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  • Writer's pictureJohn Ennis

Eye on AI - May 21st, 2021

Welcome to Aigora's "Eye on AI" series, where we round up exciting news at the intersection of consumer science and artificial intelligence!


This week, we’ll be looking at how AI is being used by streaming services and musicians alike to unlock new avenues of music sharing and creativity.


AI Is Pushing Music Toward New ‘Golden Age’

“Progress in AI music is accelerating rapidly, thanks to researchers and musicians at major tech conferences and universities who want to integrate widespread AI into the music world,” writes Bernard Marr in his Forbes article, “How Artificial Intelligence (AI) Is Helping Musicians Unlock Their Creativity”.

As we sit here, we’re in the midst of an AI-driven revolution in music consumption thanks to streaming services. It’s never been easier to find, share, and discover new music. Want a personally curated playlist for that exercise? No problem. How about a mood playlist for relaxation? Just a click away. But there is a catch: while streaming services are excellent for music consumption, they’re notoriously bad at artist compensation.

In 2019, streaming accounted for 80% of record music revenues, giving streaming providers a veritable monopoly on album distribution. Album sales plummeted as streaming became more popular, forcing musicians to make the difficult decision of submitting their music for streaming at lower royalties or keep hammering away at declining record sales. But there’s hope for both sides yet. According to Marr, smart musicians, creators, and record companies are starting to better use AI to their advantage.

“Audio-on-demand streaming like Spotify totaled $534 billion in the United States alone, according to Buzz Angle Music’s 2018 report,” continues Marr. “So how do promising new artists get discovered, with all that competition? Artificial intelligence helps the music industry with A&R (artist and repertoire) discovery by combing through music and trying to identify the next breakout star.”

In the same way, streaming uses AI to look at individual listening patterns to make recommendations, record companies have begun looking at group listening patterns to predict the next big thing. Warner Music Group purchased a tech startup that uses AI to look at things like social media, concert sales, and streaming numbers to predict the next big act. And in 2018, Apple acquired Asaii, a startup specializing in music analytics, to help boost their A&R. That expands the ways in which artists can be discovered beyond streaming providers.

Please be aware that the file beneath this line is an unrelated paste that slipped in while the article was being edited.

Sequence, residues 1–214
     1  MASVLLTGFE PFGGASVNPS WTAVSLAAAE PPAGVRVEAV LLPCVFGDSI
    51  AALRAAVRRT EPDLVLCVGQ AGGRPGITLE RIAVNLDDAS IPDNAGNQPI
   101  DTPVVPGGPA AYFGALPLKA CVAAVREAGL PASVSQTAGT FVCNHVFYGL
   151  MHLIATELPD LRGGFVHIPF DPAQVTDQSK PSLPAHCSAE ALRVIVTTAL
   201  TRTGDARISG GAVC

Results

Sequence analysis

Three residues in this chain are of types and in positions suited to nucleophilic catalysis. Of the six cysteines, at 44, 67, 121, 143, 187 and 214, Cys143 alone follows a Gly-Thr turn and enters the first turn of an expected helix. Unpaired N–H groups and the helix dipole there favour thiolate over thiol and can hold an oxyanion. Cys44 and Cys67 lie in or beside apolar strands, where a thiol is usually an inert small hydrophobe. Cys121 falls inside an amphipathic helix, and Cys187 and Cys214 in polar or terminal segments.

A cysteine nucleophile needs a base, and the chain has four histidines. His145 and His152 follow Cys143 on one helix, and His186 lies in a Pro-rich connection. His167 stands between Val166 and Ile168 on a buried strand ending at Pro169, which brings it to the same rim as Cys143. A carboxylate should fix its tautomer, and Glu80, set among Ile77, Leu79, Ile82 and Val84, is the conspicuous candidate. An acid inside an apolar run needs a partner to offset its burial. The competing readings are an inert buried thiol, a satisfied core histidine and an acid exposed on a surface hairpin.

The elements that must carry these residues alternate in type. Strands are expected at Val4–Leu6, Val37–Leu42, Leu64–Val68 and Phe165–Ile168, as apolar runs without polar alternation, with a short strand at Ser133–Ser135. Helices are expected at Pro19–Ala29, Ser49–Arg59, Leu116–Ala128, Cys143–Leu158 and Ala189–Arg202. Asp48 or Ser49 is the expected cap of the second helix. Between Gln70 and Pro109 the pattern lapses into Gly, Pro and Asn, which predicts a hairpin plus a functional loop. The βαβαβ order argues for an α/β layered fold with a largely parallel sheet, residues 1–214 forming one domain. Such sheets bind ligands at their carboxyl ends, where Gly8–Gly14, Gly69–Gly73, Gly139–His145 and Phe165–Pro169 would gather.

Contributing Artist of the Year Goes to: Artificial Intelligence

Where record companies use AI to find their next big artists, artists use AI to predict better themes, scales, and tempo for their music.

“Grammy-nominated producer Alex da Kid used IBM Watson to analyze five years’ of hit songs, as well as cultural data from films, social media, and online articles to figure out a theme for an AI-generated song that fans would enjoy,” continues Marr. “The final song, ‘Not Easy,’ reached number four on the iTunes Hot Tracks chart within 48 hours after its release.”

Big budget composers created Amper, a consumer-friendly online tool that helps non-musicians and online content creators with small budgets make royalty-free music. AIVA, a similar AI solution, helps mainstream users compose their own soundtrack music and scores for things like Youtube, Twitch, Tik Tok, and Instagram. And composer David Cope even used AI to create Experiments in Musical Intelligence, which uses AI to help him overcome “composer’s block.”

From consumption to creation, streaming to hit-song creation and even bionic gloves that allowed a renowned pianist crippled by arthritis to play at his peak again when only weeks before he could hardly lift a pen, AI has a role in nearly every aspect of the music industry. And I for one can’t wait to hear where it takes us next.

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